• Ditch the flakes for these versatile high fibre grains that aren’t just for porridge like Gran used to make.

We all need to be eating more oats

Our grandparents grew up with porridge, and now we are too. But why?

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We’ve been long and consistently told that ‘porridge keeps us fuller for longer’ and a bowl of the warming stuff is one of the best breakfasts around. But what is it about oats – the traditional ingredient in your porridge that’s so good? Why the longstanding hype?

At the core, it comes down to fibre. They’re simply a great source, and contain a nearly equal balance of both essential kinds (55 percent soluble and 45 percent insoluble). But the soluble fibre, known as beta-glucan, is the main reason for the high nutritional accolades.

Beta-glucan is satiating. Meaning your ‘feelings of fullness’ last longer, so too your need to eat soon after decreased. Interestingly, a study published by the Journal of the American College of Nutrition, took two groups and gave them oat-based breakfasts, equal in calories. One, bowls of oatmeal (aka porridge), and the other ready to eat oat-based cereal. The researchers found the porridge eaters had greater feelings of fullness, decreased feelings of hunger and a lessened desire to eat. No doubt the other additives and sugars in the cereal came into play, but it was clear porridge came out on top.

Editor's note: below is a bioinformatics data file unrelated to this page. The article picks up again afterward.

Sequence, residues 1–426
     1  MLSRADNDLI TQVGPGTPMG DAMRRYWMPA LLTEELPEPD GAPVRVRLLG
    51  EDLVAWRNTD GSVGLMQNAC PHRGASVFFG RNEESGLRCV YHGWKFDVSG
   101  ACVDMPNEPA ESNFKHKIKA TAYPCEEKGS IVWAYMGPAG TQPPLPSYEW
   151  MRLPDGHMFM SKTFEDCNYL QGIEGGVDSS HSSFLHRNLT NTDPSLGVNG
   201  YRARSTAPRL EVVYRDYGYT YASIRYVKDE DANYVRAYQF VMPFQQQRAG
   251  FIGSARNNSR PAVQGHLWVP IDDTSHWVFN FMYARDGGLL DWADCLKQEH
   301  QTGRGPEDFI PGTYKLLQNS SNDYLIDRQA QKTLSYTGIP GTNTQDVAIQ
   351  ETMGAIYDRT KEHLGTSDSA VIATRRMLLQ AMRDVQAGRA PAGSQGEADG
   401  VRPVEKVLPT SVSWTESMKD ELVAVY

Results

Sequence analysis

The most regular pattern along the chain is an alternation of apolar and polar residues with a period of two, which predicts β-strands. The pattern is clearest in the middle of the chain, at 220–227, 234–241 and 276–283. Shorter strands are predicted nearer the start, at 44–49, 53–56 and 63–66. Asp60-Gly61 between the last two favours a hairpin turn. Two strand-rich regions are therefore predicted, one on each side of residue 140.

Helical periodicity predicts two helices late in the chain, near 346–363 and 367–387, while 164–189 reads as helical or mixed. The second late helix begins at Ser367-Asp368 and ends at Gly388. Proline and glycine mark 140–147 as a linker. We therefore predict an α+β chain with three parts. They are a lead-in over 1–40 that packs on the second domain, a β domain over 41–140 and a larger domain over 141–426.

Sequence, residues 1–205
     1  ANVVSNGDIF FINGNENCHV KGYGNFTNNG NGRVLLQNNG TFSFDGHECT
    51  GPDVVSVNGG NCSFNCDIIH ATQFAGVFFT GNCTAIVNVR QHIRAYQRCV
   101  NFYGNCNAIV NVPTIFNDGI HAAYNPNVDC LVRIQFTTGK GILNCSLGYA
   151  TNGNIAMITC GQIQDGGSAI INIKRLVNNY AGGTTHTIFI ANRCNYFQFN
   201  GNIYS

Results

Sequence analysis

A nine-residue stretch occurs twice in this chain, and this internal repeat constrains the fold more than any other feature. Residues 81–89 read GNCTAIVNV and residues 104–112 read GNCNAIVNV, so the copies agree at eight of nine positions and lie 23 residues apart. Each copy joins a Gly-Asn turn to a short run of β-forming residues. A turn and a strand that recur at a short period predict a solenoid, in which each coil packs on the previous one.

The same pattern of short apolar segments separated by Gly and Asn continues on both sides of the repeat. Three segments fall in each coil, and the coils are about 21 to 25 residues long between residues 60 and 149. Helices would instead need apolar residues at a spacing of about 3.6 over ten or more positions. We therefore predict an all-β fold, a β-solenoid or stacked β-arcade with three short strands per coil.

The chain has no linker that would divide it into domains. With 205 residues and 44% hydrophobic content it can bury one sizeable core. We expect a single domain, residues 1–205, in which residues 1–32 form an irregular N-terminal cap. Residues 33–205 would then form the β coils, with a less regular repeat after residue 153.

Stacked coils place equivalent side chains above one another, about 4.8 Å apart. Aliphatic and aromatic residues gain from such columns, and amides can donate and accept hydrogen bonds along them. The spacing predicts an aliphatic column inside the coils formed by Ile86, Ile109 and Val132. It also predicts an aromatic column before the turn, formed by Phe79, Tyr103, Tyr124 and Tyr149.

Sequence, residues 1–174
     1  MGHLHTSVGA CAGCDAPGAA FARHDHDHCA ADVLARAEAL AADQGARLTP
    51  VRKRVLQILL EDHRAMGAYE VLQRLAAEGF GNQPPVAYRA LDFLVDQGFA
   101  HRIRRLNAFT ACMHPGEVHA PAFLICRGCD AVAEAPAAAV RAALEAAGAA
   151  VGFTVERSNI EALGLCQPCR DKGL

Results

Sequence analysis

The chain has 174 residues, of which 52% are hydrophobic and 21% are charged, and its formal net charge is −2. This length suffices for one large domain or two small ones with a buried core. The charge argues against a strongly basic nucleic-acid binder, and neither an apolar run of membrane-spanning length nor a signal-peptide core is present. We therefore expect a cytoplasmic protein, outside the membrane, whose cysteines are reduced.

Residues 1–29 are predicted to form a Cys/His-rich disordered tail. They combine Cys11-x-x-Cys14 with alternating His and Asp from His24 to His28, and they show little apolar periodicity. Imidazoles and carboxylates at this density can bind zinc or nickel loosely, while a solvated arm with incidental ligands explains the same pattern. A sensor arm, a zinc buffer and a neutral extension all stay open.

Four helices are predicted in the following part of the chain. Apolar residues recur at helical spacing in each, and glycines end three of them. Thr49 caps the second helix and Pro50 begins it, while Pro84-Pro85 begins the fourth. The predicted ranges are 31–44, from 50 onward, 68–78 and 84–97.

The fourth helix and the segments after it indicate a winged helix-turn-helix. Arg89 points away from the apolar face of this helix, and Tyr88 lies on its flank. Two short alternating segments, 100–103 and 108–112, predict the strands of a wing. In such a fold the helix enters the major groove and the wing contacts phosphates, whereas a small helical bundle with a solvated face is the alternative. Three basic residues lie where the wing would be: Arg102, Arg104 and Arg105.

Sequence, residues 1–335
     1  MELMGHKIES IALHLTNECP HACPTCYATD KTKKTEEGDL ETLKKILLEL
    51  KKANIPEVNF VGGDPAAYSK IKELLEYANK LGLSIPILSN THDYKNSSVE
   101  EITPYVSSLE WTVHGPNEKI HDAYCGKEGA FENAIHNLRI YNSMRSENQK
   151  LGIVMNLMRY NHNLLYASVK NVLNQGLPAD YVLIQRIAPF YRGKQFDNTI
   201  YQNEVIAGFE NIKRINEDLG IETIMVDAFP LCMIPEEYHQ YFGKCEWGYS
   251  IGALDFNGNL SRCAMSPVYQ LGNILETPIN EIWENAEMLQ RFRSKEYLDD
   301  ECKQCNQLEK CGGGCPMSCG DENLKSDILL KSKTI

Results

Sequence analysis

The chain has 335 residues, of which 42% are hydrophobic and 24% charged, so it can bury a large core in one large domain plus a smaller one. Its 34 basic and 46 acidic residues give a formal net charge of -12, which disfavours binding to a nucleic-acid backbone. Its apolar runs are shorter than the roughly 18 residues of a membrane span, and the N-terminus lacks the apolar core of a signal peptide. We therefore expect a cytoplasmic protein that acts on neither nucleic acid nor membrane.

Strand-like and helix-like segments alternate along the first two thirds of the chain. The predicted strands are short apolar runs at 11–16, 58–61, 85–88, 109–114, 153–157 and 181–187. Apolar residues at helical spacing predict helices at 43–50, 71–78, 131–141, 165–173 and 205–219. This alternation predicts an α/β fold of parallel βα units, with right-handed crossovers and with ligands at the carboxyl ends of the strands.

Beta-glucan also helps lower cholesterol levels and significantly reduces the risk of cardiovascular disease and stroke. It also enhances the body’s immune system, by activating our white blood cells called macrophages that attack foreign invaders (e.g fungi and bacteria). Oats also hold a very low glycemic load, so you’ll digest them slowly, which ties back into feeling ‘fuller for longer’, and lessening the urge to snack between meals.

But with many types in the cereal aisle, which are the best to buy? It pays to keep it simple, and as close to their original form, or as our grandparents would have recognized. Step away from the instant sachets, particularly when flavoured. They take a little extra time, but if you can get them, try steel cut oats, or Irish, Scottish or rolled ones. Just look to see that they haven’t become too processed. You want them to look a little thick, and the rougher and grainier the better.

Try buying in bulk and by the kilo from your local health food and nut shop. You’ll be amazed at how much you get for such a small price! No idea how to turn oats into porridge? No worries get a fail proof recipe here. Like to make your porridge a bit better? Click here
 
Image credit: Foodimentary, Crunchy Creamy Sweet, One Handed Cooks.

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